The Baltimore Orioles have gone 30-21 since the start of June and sit at .500 despite an issue that has plagued many teams in similar stages of their proverbial window: a near-total lack of production from their bench. Outfielder Ryan McKenna (0.9 fWAR) is the only Oriole substitute that has contributed value over replacement level this season. The cumulative fWAR from all bench players? -2.7. Needless to say, it’s not a pretty situation.
The backup catcher role has been a constant issue which has only been magnified since Adley Rutschman assumed the starting position. Of 81 MLB catchers with 30 or more plate appearances, Robinson Chirinos and his -1.4 fWAR ranks 81st. Anthony Bemboom provides slightly more defensive value than Chirinos but was below replacement level during his brief cameo in Baltimore.
A young, cost-controlled backup would be an ideal option if GM Mike Elias is seeking to upgrade the club without hemorrhaging prospects, specifically one that can help pitchers with their framing acumen and could keep runners honest with their throwing arm. Here’s three Catchers who fit the mold:
The Baltimore Orioles could benefit greatly from an upgrade at the backup Catcher position.
Brian Serven – Colorado Rockies
It’s hard to gauge where the Rockies think they are or what they’re doing most of the time, and a team that just extended their 38-year-old closer might not be compelled to trade any Major League players. The Orioles would be remiss if they didn’t kick the tires on Serven, though.
The 27 year old rookie managed just a .245/.318/.429 slash line in the minor leagues and will likely never be counted on for his bat, he more than makes up for it with his pitch framing. Serven ranks 27th among qualified Catchers with 1 framing run above average, which is based upon how many balls outside the zone are called strikes.
His throwing arm is below average but could potentially more effective if he could shave a few hundredths of a second off of his glove-to-hand transfer time. Perhaps George Russell could show him a thing or two about finding extra fractions of a second.
Jose Herrera – Arizona Diamondbacks
Two things stick out the most when looking at the 25-year-old Herrera’s profile: plate discipline and a remarkable throwing arm. Regarding the former, Herrera boasts a career .346 OBP and 13.5% walk rate in the minors and while the walk rate is just 7.7% for the D-Backs, the sample size is still too small from which to draw conclusions.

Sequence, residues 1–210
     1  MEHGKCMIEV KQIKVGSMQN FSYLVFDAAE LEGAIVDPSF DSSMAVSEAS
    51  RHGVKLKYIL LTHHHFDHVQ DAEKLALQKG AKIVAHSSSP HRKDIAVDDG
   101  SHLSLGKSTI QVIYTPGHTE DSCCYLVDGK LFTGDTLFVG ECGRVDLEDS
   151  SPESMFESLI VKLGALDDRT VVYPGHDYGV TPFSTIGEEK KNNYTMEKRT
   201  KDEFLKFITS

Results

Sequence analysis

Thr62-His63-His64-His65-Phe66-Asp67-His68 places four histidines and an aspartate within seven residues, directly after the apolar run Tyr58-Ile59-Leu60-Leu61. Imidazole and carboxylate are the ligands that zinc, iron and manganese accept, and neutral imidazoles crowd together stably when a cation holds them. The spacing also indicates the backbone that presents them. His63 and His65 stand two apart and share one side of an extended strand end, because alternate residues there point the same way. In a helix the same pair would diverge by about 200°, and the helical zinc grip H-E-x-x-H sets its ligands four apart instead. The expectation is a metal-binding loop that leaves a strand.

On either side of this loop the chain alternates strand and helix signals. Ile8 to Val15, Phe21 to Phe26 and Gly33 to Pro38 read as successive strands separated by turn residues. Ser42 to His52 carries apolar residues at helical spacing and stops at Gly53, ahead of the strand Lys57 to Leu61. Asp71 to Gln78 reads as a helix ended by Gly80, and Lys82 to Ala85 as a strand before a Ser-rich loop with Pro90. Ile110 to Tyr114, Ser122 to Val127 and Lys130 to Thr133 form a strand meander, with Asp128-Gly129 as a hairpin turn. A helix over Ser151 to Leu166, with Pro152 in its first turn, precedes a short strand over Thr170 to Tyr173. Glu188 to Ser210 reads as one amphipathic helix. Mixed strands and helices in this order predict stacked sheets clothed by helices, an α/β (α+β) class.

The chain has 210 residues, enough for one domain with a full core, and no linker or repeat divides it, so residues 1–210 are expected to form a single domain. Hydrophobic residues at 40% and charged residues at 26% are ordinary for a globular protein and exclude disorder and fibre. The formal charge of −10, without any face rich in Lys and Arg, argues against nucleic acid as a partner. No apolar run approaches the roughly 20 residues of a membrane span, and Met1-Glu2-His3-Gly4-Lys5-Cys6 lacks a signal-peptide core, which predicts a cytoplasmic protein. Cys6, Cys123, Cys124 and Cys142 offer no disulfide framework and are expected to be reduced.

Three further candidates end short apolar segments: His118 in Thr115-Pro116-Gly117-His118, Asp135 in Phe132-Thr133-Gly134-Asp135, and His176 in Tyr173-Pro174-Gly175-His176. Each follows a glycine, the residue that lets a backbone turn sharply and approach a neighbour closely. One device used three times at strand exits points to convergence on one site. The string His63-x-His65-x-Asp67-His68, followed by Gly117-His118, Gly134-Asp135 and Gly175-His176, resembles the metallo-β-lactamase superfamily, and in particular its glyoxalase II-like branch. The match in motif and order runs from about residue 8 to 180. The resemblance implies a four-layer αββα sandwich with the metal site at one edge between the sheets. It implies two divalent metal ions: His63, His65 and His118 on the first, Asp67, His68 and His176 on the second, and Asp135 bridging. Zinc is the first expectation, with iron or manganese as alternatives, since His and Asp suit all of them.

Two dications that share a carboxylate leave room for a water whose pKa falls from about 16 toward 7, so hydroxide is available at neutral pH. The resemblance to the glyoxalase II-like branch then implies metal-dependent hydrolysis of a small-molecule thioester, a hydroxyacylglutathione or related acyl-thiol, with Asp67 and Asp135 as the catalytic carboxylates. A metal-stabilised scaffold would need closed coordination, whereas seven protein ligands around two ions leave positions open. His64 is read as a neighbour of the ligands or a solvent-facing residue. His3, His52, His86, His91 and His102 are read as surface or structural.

As far as defense is concerned, Herrera is an average to below average framer (34th of 60 qualified backstops in Catcher Framing Runs), but boasts a cannon of a right arm, throwing out 12 of 28 potential base thieves. His 1.93 second average pop time (time between the ball hitting the catcher’s mitt to hitting the fielder’s glove) to second base ranks 10th out of 75 backstops with at least five attempts, which is elite in its own right and would only be a marginal dip from Rutschman when he’s given a rest day or shifted to DH to spare his legs.
Eric Haase – Detroit Tigers
There’s some O’s in this Haase! (sorry)
Eric Haase (29) is slightly older than the aforementioned options, but has a lot working for him. He’s under team control until 2027 and has one more year making the minimum before hitting arbitration in 2024. Additionally, the dude can hit. More specifically, the dude can hit bombs.
22 balls left the park courtesy of Haase’s bat last season and he’s hit 8 so far this year in 198 plate appearances. He’s a bit of a YOLO swinger, however, with a career K rate of nearly 30% and a walk rate just below 7%. Haase likely won’t cost his team a game but is a below average framer, though his pop time to second lands him in the 63rd percentile of qualified catchers.
Which backstop is the best option for the Baltimore Orioles?
Serven would likely be the most available and cheapest to acquire, but is less proficient than the other two options. Looking through the prism of defense, Herrera is far and away the best choice. Haase would be the preferred option given his offensive ability, but would likely cost the most and may not even be available if the Tigers let Tucker Barnhart leave via free agency and want him as a bridge to top prospect Dillon Dingler. He’s also gained a larger share of catching duties for the Tigers as of late. That being said, Elias and the Baltimore Orioles front office should give it a shot.